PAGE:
Tough Gardening, Part 2

Nurturing plants to soften the starkness of the prison island has its challenges. The island’s past residents certainly must have realized this, but they were determined to coax blooms from the Rock.

We are following in the footsteps of those early gardens and I find myself often wondering ‘how did they do it’, and being impressed with their dedication to creating beauty in this forbiding environment.

The military landscaped the main road that leads from the dock to the top of island, where the Citadel, the military fortification, once stood. They created pocket beds and even used cannon balls to line a parapet wall in front of the commanders’ homes, known as Officers’ Row. When the military left the island in 1933, these homes would later be turned into gardens in 1942. To move away from the military look, the Federal Bureau of Prisons, removed the cannon balls and built a trough planter along the entire wall – 330 feet in length! The maximum security surely must have been taken with the gardens left behind by the military to go to these lengths.

Officers' Row homes in 1893. Photo courtesy of NARA archives

Officers’ Row homes in 1893. Photo courtesy of NARA archives

In 2005, the trough planter was the first garden area to be restored and it was replanted with ivy leaf geraniums that would have been available to gardeners back in the 1940s. We quickly learned the challenges of gardening on the Rock, when the resident gulls pulled each plant out!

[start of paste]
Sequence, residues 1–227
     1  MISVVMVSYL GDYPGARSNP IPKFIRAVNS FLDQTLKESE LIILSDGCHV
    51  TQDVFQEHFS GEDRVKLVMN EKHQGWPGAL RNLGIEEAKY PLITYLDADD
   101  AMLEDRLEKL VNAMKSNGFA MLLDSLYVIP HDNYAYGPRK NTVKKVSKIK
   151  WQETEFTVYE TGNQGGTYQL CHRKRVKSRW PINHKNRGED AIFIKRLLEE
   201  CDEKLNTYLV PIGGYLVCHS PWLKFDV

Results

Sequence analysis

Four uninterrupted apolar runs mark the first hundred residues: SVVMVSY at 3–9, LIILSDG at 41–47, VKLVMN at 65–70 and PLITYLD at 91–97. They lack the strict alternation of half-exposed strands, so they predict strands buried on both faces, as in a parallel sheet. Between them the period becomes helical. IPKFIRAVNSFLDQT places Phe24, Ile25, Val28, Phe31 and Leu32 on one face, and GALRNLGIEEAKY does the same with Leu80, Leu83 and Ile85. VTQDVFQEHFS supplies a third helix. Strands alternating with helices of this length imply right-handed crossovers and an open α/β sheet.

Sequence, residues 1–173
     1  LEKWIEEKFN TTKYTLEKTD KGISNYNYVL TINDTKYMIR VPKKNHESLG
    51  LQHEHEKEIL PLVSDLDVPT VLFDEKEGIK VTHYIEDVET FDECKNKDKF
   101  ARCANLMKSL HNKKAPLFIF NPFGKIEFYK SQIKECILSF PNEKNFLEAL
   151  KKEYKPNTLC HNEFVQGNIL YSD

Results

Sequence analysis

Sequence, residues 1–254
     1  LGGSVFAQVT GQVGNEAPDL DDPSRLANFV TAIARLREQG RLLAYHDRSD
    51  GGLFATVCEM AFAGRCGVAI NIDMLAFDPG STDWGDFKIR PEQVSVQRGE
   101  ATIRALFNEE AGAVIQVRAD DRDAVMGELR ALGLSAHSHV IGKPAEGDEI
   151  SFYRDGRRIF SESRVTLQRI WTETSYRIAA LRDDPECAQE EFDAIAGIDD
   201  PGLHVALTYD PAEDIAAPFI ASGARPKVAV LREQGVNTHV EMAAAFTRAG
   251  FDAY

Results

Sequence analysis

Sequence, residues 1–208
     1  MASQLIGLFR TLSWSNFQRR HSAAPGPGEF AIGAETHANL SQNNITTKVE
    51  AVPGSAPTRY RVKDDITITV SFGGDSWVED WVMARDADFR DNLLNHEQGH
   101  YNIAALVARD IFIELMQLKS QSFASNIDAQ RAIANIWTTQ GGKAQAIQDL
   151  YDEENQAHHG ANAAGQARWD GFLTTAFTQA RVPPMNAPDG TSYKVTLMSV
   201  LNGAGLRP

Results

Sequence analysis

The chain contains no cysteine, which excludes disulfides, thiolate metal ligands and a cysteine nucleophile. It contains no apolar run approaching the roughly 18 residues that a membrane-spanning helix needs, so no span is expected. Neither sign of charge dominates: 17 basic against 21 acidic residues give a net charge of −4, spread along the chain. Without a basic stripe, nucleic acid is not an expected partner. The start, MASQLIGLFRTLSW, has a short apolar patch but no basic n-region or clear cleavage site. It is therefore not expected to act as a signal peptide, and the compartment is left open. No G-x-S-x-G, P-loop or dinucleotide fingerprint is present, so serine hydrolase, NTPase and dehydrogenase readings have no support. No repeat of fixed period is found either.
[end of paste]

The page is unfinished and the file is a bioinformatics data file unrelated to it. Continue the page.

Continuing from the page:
The historic trough planter being repaired in 2005.

The historic trough planter being repaired in 2005.

We have gotten smarter since then, and now have heavy guage wires to protect our precious plants. But the challenges did not stop there.

Luckily, the trough is located on the leeward side of the island, so wind does not dry out the plants. However, the trough, being made of brick and only one foot in depth and tends to dry out quickly in the hot summer sun. A drip irrigation line had been installed for weekly waterings, but then we were also reminded that water will find the easiest path to drain to – the water tended to run down the inside of the trough, before finding a drainage hole and seep away – doing little more than just wetting the sides of the trough, and not soaking the roots of the plants at all. We now alternate hand water and the drip irrigation to ensure that the plants are getting enough water. When we do use the drip irrigation, we also turn the water on for 10 minutes, then off for 20 minutes, then on again for 10 minutes to allow the water to soak into the soil instead of just running out any cracks. As a plus though, the dripping trough supports ferns, hydrangea shrubs and fuschias that are growing below the trough.

Feeding the pelargoniums is a must. We enrich the trough soil every year with our compost, however, regular fertilizing with kelp emulsion keeps the flowers blooming and the leaves green all summer.

The steady maintenance of deadheading the spent blooms is enough to keep a crew of volunteers busy. Aside from this expected maintenance, our gull friends insist of sitting on top of the wire cages (I guess this gives the best lookout).  We usually have a few broken stems each week that need to be pruned off.

Despite all this work, the gardening is a labor of love with rich rewards.

The trough planter in the 1940s. Photo courtesy of Joseph Simpson

The trough planter in the 1940s. Photo courtesy of Joseph Simpson

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